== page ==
Unit 331

Unit 331
Within child and young person’s development there theorists who have contributed research into the area.
The first theorist to look at is Vygotsky and his theory on the zone of proximal development, this has been defined as "the distance between the actual developmental level as determined by independent problem solving and the level of potential development as determined through problem solving under adult guidance, or in collaboration with more capable peers" (Vygotsky). His research basically suggest there is a point of what is known by the child, and a point of what is not known by a child and in-between is this zone of where skills/knowledge is too difficult to understand and progress by the child on their own but with guidance of an adult or more knowledgeable person they can progress.
The next theory is the hierarchy of needs who has been researched by Maslow who suggests that there are 5 levels, often shown as a pyramid, of needs. Starting at the bottom of the pyramid are the most basic needs and going up to the more complex are these 5 categories:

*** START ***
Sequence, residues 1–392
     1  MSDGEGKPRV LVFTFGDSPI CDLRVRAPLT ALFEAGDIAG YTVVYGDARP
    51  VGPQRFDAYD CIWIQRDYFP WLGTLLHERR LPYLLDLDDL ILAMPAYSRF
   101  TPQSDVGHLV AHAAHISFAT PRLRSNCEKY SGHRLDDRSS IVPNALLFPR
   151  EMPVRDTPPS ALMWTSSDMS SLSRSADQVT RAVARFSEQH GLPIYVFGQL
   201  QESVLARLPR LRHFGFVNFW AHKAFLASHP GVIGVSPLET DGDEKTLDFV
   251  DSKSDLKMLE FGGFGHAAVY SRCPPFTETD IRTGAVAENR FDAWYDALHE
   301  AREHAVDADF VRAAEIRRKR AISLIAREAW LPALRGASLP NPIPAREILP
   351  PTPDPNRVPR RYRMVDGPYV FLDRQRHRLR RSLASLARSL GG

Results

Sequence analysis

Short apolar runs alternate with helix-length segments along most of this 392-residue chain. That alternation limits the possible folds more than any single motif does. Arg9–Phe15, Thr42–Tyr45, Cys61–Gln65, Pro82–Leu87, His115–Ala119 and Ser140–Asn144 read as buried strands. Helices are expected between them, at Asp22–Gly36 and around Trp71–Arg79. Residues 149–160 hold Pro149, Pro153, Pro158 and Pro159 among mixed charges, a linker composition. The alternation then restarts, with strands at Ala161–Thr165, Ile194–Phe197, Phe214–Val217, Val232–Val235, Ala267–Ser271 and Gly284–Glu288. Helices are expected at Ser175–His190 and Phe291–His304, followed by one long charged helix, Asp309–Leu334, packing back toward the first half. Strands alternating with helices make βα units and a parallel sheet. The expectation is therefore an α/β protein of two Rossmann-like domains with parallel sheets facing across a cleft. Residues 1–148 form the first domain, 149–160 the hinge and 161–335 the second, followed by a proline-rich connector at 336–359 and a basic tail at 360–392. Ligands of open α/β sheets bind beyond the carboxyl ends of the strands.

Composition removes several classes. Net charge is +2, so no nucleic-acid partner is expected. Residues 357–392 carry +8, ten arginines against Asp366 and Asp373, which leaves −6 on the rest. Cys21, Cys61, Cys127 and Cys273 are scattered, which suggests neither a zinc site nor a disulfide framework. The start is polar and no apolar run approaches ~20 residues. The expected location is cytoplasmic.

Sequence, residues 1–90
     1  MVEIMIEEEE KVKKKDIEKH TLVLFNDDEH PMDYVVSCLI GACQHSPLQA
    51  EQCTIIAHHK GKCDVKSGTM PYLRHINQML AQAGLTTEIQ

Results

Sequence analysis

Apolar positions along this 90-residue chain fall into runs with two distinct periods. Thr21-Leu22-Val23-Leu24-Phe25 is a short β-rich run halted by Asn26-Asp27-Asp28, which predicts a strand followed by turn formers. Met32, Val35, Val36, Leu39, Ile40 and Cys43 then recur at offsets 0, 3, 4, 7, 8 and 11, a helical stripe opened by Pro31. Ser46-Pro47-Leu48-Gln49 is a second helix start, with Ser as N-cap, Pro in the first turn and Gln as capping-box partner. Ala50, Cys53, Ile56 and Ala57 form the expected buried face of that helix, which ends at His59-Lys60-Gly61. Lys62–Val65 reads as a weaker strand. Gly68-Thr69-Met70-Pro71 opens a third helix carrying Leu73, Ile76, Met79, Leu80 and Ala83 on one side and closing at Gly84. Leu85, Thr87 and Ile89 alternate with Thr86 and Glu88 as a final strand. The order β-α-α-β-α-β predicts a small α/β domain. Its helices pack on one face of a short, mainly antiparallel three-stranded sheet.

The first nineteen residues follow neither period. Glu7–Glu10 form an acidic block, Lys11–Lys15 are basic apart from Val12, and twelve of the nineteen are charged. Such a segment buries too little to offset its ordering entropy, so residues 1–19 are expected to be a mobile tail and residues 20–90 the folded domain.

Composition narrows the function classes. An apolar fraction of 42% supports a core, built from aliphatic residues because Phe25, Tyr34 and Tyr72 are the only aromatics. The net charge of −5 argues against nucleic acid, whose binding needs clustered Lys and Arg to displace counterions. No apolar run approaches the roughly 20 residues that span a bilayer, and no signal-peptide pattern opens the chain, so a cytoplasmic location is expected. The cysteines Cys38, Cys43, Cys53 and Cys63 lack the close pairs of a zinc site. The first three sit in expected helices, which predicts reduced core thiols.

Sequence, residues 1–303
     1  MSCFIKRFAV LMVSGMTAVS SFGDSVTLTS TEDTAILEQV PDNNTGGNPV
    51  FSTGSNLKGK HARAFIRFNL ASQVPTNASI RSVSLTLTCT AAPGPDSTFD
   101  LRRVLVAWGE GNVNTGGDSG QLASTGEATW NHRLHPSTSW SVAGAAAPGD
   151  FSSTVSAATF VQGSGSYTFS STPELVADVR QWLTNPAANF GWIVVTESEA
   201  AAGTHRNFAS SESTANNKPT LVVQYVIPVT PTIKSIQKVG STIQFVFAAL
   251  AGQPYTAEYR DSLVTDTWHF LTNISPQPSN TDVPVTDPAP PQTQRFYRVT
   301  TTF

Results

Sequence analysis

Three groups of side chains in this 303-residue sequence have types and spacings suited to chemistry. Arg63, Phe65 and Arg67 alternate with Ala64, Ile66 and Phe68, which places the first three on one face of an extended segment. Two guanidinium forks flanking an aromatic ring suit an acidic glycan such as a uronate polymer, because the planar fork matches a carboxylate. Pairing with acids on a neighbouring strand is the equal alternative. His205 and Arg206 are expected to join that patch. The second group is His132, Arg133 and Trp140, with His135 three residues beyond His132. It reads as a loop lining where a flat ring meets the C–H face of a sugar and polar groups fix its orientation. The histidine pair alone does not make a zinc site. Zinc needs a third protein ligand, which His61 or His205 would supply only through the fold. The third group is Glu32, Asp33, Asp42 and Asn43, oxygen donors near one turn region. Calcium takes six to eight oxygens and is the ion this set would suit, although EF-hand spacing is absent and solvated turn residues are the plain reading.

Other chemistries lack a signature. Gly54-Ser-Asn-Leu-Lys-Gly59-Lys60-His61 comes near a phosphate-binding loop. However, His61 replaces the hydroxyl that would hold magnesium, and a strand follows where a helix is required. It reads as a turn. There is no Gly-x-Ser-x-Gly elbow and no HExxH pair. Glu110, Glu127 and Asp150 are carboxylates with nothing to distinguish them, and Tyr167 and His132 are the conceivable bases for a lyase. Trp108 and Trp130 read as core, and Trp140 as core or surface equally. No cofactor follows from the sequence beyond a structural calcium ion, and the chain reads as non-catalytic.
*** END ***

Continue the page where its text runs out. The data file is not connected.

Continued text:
Physiological –
The basic physiological needs are fairly apparent – these include the things that are vital to our survival. Some examples of the physiological needs include food, water, breathing,
Safety –
As we move up to the second level of Maslow’s hierarchy of needs, the requirements start to become a bit more complex. At this level, the needs for security and safety become primary. People want control and order in their lives, so this need for safety and security contributes largely to behaviours at this level. Some of the basic security and safety needs include Financial security, Health and wellness, Safety against accidents and injury.
Love/Belonging –
The social needs in Maslow’s hierarchy include such things as love, acceptance and belonging. At this level, the need for emotional relationships drives human behaviour. Some of the things that satisfy this need include...